Unfair dismissal provisions under The Fair Work Act 2009 (Cth)

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    “The Fair Work Act 2009 (Cth) provides all employees with a clear and accessible right to protection from unfair dismissal. The protection it provides give the right balance to the rights of employees and the rights of employers”. Critically discuss.
    In the year 2009, the Fair work act was introduced by the Labour government so that they could replace the less popular work choices legislation. The act was divided into two categories, firstly the right of employees and secondly the protection of employees. The fair work act refers to the “moral or legal entitlement to have or do something with the specific emphasis on the legal entitlement, whilst an employee’s protections afforded are a legal or other formal measure intended to preserve civil liberties and rights” (Regan & Lee, 2015). The fair work act will provide a balanced framework for the workplace relations which will include the national economic prosperity of all the Australian workers. The act will provide laws that are fair to working Australian workers, the will guarantee safety for enforcing minimum terms and take care of the minimum wage orders also. The act will also assist the employees on how to balance work and family by providing them with flexible working arrangements. The aim of this essay is to critically discuss that The Fair Work Act 2009 provides all employees with a clear and accessible right to protection from unfair dismissal. “The protection provides give the right balance to the rights of employees and the rights of employers” (Crowe et al, 2017).
    Key features of the unfair dismissal provisions
    An unfair dismissal is when an employee is dismissed from their job in an unjust or unreasonable manner. The fair work act has considered that an employee is unfairly dismissed when

    A worker is dismissed

    The dismissal was unreasonable or harsh

    The dismissal was not under the case of genuine redundancy

    The worker worked for a small business and the dismissal was not done as per the small business dismissal code (James, & Ombudsman, 2015).

    The remedies for unfair dismissal have been an essential feature of the federal industries since 1993 (Higgins, 2018) An unfair dismissal are initially conveyed in a telephone conference between the employer and the employer dismissed, if the conversation is not successful then the claim will proceed to another hearing for the member who belongs to the fair work commission this member will have the right to determine whether the dismissal was harsh or unreasonable as per the reference of statutory criteria and the guiding principles which should be unbiased and fair for both the employee and the employer (Ross, 2016)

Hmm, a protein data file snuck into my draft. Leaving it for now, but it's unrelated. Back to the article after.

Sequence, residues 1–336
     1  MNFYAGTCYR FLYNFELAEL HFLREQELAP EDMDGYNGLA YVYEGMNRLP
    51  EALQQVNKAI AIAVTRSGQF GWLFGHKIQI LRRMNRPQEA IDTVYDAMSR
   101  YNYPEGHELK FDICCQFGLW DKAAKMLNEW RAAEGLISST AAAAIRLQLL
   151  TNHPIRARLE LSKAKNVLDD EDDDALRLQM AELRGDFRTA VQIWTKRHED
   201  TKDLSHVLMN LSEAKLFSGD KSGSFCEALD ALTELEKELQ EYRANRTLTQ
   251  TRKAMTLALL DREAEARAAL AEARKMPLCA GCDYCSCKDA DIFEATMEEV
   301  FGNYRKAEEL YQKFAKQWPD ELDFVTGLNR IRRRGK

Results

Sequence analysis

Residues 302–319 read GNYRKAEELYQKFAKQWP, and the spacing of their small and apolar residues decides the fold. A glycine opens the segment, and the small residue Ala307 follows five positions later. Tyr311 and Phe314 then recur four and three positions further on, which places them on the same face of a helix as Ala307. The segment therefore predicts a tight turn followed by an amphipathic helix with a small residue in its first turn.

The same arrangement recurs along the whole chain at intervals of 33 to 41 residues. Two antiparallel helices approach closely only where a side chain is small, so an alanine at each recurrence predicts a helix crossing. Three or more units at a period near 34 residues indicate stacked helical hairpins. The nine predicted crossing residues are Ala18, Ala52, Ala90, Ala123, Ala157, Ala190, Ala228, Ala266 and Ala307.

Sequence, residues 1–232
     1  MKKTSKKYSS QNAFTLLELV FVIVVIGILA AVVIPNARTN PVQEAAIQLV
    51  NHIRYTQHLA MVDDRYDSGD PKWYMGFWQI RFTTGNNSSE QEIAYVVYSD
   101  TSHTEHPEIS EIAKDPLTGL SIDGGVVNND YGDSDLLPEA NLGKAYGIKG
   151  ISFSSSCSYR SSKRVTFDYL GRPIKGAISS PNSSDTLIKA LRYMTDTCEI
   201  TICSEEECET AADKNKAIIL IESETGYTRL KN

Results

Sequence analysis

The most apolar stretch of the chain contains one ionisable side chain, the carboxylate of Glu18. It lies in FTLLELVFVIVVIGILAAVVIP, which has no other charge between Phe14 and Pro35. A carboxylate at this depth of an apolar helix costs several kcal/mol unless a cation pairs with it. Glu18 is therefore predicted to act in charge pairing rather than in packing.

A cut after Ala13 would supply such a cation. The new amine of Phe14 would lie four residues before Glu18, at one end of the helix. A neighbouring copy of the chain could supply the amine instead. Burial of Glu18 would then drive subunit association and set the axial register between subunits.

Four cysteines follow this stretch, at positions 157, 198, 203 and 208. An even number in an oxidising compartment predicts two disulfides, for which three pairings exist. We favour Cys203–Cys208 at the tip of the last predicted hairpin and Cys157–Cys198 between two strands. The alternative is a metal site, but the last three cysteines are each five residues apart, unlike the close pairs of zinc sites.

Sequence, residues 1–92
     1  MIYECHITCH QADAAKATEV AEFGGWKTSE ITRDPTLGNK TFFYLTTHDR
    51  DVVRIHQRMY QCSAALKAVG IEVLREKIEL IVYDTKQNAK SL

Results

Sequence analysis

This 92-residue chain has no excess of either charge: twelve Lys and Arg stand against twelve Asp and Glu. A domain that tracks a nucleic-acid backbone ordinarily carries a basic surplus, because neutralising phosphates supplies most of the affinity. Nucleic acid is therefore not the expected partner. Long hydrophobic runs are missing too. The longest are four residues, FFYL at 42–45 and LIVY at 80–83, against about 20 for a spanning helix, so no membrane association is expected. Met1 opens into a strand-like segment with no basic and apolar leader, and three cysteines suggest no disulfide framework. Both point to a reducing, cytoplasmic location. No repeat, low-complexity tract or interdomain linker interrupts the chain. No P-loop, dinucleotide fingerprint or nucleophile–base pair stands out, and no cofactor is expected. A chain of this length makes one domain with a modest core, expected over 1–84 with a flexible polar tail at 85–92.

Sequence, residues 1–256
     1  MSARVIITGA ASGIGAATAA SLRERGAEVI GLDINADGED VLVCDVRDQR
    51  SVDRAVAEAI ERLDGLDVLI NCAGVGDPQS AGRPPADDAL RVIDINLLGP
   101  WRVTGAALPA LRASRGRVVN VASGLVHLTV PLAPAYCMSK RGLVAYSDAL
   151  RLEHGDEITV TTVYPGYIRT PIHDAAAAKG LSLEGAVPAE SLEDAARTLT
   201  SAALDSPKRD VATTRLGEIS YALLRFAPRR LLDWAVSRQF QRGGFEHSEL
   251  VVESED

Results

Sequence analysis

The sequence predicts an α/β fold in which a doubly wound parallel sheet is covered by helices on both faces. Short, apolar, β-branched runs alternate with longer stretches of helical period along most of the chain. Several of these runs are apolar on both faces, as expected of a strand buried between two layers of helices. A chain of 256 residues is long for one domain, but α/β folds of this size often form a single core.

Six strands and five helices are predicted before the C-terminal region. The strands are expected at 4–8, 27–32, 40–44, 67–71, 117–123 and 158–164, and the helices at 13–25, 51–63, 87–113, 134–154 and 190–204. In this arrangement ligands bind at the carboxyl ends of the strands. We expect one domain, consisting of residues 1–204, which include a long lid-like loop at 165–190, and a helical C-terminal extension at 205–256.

Not all the employees are eligible to make an unfair dismissal claim. To make a dismissal claim an employee has to serve the minimum employment period mentioned in the offer letter, secondly of the employee annual earning at the time of dismissal is more than the statutory high income and if they are not covered under the industrial award or agreement then they are not allowed to claim unfair dismissal under the fair work act 2009 (Regan & Lee, 2015).
    Critical Analysis
    The unfair dismissal provisions are among the most controversial discussion from the employer’s point of view. The theory states that the agreement can be made without the trade unions but this option is rarely used. Some of the provisions regarding the unfair dismissal cover small business which includes the minimum employment period to claim unfair dismissal which covers less than 15 employees. Basically, an employer can dismiss an employee for causing theft in the organizing or fraud for instance. Secondly, there is certain code which the employers should follow. To minimize the burden on the employer there should be certain evidence provided like copies of a written warning, checklist, statement of termination along with a witness statement with his/her signature. The number of claims for the unfair dismissal has increased since 2009 the fair work act (Higgins, 2018). There were around 12000 employees for unfair dismissal and the act led to increase by 50% over the last year. Basically, the number of unfair dismissals increased even further because the employees kept getting familiar with the fair work act and its provisions along with the small business fair dismissal code which did not prove to be much effective that it was expected to be by the government. Apart from the rise in the number of unfair dismissal decisions made by the fair work act in Australia show some more interesting facts. For instance, a factory employee refused to wear his safety glasses while working in Albury Wodonga law (Pekarek et al, 2017). Because this employee violated the safety law hi was dismissed by the employer and his reinstatement stated that this employee couldn’t find another job while he also had to take care of his wife & children. Similar stories came up when the employers claimed for unfair dismissal so that they could claim more money.